Of course cut back far enough and raise taxes enough and you will eventually be able to bring the deficit down yeah broken on the backs of the middleclass and poor, something that I VOTED against...

Keeping my eyes open...

Peace!

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Response to humbled_opinion (Reply #19)

Tue Dec 11, 2012, 01:43 PM

28. OK - let's forget going back to the Clinton tax rates for the super rich

Let's go back to Reagan (50%) or Eisenhower (90%) and still cut spending we don't need like defense and subsidies for wildly profitable companies.

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Response to jcgadfly (Reply #28)

Tue Dec 11, 2012, 05:30 PM

30. Now your talking about something that

would actually fix the problem I say 70 percent with a cap on defense spending increases and a purge of about 20 percent of the DOD budget than we extend the S.S. Cap to max income levels that solves S.S. deficits and finally we pool more people into a single payer medical system and Medicare can go away because everyone will be on the single payer for life.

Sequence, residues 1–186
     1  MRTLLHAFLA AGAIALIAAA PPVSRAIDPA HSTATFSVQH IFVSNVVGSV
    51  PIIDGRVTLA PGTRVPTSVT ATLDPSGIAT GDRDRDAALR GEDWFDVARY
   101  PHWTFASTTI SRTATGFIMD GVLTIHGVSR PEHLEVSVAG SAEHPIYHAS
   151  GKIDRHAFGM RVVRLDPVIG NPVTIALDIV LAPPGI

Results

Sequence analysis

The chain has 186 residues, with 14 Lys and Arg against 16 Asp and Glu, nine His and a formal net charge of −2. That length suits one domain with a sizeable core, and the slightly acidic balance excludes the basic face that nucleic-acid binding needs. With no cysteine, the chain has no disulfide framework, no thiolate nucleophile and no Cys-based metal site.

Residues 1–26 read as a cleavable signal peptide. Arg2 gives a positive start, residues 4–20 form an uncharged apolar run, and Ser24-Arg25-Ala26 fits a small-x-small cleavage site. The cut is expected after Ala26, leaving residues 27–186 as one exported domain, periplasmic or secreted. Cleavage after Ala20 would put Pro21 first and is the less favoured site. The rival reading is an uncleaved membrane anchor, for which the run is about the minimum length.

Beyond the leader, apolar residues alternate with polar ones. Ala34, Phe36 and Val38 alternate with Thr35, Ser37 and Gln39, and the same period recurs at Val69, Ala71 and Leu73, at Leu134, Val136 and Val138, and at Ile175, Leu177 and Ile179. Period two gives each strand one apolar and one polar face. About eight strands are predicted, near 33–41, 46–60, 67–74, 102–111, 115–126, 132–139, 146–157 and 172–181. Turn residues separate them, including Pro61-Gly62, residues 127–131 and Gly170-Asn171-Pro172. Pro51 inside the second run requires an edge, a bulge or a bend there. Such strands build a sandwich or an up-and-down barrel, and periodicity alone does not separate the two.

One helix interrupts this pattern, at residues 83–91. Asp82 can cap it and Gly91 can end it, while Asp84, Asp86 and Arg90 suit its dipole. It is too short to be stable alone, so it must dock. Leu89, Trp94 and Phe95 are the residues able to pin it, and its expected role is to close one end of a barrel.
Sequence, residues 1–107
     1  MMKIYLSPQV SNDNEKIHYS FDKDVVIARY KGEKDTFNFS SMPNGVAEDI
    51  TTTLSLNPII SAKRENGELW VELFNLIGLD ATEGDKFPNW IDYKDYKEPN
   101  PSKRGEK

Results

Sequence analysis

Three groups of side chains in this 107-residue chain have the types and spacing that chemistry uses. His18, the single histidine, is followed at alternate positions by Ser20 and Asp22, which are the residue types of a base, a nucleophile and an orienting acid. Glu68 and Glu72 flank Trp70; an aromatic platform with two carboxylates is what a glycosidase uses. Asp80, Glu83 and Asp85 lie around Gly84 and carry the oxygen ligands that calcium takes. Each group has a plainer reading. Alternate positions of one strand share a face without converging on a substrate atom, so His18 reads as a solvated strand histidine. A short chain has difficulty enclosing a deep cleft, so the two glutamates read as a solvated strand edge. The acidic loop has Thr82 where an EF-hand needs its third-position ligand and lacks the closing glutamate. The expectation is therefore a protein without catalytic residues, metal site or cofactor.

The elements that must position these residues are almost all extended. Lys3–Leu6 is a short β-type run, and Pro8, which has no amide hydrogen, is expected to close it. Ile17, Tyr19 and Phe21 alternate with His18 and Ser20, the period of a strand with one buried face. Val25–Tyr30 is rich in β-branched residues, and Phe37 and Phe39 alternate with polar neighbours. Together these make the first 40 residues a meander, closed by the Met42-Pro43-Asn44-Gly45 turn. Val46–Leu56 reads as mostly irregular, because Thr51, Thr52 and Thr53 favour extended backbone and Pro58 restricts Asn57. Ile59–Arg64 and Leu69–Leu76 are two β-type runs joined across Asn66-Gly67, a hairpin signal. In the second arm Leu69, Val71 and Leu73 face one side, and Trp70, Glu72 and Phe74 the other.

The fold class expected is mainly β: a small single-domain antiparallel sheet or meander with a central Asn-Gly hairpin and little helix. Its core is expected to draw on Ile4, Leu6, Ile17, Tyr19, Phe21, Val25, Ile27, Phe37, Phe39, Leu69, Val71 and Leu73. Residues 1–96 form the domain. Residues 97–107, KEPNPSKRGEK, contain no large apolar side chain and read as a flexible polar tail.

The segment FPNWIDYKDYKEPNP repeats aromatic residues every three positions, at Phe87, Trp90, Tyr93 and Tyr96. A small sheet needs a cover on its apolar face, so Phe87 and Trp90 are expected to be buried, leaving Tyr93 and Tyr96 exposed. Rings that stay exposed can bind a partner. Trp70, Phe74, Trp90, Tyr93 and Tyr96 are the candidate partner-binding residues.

These really are simple fixes the only downside is that the rich, CEO's, business owners etc will try to pass the costs of their increased taxes onto the consumers there has to be some protection for us.

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Response to humbled_opinion (Reply #19)

Thu Dec 13, 2012, 06:11 PM

31. When I look

 

back in history, how the hell did this country 'survive' Eisenhower's Tax Rates????

I'm sick of the rich. Seriously. The top 2%....I'd make them 'Special People' and give them a SURTAX immediately. They have enjoyed ALL the gains in income for the past decade!!!!

Working people got nothing....and they worked. The rich just sat around and collected non-working money like Capital Gains and Dividends. They're LAZY and most couldn't create a job beyond that of a Maid.

It probably doesn't matter....we're toast anyway.

I just hoping Mother Nature levels the playing field. After all the rich can't survive by eating money. And everyone in every town knows where they live. Always on the hills (if there are any of them) and on the east side of town (usually) so they don't have to drive with the sun in their eyes when/if they do go to/from the business area of town.

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Response to femrap (Reply #31)